A new study conducted at the University of Sheffield in Britain shows that children as young as 16 months old learn important life skills from jokes and pretend play of parents.
"The study shows just how important play is to children's development. Parents who pretend and joke with their children offer cues to distinguish the difference between the two and toddlers take advantage of these cues to perform," said one of the researchers Elena Hoicka from the University of Sheffield in Britain.
"Knowing how to joke is good for maintaining relationships, thinking outside the box, and enjoying life. Pretending helps children to practice new skills and learn new information," she said. "So while parents may feel a bit daft putting a toy chicken on their head they can at least console themselves with the knowledge that they are helping their children develop important skills for life," Hoicka noted.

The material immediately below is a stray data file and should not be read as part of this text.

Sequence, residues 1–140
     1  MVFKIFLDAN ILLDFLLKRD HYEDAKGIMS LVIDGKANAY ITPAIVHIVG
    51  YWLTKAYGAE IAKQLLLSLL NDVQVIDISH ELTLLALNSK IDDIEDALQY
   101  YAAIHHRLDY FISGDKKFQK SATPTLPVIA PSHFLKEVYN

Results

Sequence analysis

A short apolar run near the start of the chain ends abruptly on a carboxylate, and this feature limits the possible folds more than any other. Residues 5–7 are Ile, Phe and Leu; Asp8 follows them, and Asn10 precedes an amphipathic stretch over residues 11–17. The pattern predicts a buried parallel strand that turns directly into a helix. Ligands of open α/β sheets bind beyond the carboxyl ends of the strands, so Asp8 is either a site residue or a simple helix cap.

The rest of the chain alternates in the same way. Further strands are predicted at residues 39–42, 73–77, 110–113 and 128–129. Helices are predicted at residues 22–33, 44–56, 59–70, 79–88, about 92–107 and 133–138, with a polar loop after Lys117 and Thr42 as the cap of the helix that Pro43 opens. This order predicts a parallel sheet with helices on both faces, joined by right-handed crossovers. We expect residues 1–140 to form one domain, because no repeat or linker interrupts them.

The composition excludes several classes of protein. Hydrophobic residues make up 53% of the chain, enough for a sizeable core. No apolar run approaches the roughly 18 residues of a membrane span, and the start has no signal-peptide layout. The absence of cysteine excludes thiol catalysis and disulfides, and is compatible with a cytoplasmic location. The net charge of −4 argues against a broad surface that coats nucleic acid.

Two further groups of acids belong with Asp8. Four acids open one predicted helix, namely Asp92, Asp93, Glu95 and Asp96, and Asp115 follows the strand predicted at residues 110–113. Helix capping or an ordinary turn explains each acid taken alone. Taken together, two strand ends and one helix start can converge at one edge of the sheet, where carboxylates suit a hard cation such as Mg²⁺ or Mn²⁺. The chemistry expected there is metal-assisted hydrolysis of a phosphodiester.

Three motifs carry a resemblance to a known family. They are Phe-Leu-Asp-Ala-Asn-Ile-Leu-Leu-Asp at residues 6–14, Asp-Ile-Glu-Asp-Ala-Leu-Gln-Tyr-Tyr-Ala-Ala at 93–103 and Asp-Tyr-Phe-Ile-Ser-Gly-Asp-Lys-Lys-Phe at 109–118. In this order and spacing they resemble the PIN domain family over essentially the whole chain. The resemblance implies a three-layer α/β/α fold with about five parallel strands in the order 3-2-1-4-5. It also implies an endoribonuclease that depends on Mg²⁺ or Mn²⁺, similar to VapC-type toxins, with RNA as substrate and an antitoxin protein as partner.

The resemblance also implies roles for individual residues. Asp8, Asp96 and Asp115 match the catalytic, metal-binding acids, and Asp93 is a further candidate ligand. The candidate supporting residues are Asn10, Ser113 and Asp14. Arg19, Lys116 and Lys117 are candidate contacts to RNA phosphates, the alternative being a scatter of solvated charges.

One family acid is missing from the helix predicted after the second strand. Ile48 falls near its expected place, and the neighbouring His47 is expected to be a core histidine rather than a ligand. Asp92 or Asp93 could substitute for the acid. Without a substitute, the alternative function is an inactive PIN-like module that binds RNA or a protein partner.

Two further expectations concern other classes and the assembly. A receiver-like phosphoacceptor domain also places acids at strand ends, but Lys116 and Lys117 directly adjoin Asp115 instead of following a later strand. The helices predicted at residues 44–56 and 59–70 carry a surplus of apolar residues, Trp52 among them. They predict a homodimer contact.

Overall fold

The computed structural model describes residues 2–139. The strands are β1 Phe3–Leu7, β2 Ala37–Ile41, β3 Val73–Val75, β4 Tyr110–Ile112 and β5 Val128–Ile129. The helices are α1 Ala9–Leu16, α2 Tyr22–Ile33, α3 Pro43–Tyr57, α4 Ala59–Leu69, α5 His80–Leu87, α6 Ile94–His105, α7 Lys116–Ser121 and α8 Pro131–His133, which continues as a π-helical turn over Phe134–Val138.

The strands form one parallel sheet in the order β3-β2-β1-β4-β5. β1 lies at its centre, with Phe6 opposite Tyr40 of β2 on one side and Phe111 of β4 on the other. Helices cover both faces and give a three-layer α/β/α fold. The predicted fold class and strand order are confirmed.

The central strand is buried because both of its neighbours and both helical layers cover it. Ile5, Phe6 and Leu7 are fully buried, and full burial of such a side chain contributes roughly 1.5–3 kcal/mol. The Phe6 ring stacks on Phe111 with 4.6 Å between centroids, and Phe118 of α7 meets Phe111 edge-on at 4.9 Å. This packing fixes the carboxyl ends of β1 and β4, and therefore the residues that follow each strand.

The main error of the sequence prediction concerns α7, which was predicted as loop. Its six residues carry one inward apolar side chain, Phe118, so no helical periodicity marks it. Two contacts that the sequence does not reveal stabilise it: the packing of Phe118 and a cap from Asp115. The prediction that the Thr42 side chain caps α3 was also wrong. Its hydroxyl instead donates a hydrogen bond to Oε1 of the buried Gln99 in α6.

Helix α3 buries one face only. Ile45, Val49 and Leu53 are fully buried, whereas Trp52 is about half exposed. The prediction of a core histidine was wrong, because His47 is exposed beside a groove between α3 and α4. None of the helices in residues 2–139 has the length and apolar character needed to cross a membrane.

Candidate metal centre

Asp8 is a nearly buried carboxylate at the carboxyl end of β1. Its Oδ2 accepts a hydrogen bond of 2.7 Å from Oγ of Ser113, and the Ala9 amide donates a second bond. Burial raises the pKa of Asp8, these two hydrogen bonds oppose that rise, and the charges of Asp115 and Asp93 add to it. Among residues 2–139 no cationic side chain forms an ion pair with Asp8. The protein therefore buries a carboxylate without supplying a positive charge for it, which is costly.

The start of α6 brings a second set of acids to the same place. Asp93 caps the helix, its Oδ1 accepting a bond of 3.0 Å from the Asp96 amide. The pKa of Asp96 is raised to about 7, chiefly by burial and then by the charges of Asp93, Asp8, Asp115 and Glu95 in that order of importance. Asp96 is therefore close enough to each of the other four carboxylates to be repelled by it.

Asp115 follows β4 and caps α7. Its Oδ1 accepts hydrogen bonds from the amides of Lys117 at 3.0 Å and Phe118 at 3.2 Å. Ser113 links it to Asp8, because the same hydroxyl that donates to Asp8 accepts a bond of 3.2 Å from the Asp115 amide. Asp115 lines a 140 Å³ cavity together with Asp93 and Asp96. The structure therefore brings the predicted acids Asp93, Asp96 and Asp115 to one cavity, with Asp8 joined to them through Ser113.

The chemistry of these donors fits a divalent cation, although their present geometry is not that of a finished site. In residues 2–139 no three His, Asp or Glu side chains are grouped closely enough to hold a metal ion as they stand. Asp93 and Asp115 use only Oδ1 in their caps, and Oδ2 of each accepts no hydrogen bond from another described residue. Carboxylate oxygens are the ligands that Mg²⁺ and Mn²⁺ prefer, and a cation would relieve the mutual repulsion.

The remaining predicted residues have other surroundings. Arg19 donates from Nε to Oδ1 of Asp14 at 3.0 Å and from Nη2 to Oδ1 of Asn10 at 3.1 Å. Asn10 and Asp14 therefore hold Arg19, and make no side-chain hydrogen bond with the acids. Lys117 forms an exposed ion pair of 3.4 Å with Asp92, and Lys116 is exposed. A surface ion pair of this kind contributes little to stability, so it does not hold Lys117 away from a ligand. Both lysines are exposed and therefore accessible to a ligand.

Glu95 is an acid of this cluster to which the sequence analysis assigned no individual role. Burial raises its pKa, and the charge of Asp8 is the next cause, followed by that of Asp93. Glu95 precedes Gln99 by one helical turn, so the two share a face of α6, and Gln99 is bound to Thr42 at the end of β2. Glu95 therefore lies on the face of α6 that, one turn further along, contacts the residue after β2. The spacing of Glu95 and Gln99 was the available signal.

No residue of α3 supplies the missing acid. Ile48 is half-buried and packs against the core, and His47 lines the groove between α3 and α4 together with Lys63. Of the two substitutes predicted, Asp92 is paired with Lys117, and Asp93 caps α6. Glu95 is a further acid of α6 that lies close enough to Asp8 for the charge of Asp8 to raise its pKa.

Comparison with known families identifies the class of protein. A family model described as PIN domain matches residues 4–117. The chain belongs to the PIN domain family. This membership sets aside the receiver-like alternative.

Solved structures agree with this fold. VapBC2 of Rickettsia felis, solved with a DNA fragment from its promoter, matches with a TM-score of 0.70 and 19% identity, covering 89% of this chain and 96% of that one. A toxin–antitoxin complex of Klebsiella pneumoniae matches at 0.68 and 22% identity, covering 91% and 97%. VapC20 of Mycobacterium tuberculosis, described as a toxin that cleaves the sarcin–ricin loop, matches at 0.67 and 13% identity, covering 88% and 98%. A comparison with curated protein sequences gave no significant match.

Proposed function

The researchers carried out two studies; one involved parents being asked to joke and pretend with their 16 to 20 month old children using actions. Jokes involved misusing objects like putting food on their heads and pretend play included activities like washing hands without soap or water.
In the second study, parents of 20 to 24 month olds were asked to joke and pretend verbally with their toddlers. Pretend play included parents telling their children a round block was a horse and jokes included mismatching items like saying that a toy chicken was a hat.
The researchers found that parents can offer explicit cues to help distinguish between joke and pretend intention contexts and children, even as young as 16 months old, pick up on those cues. The study was published in the journal Cognitive Science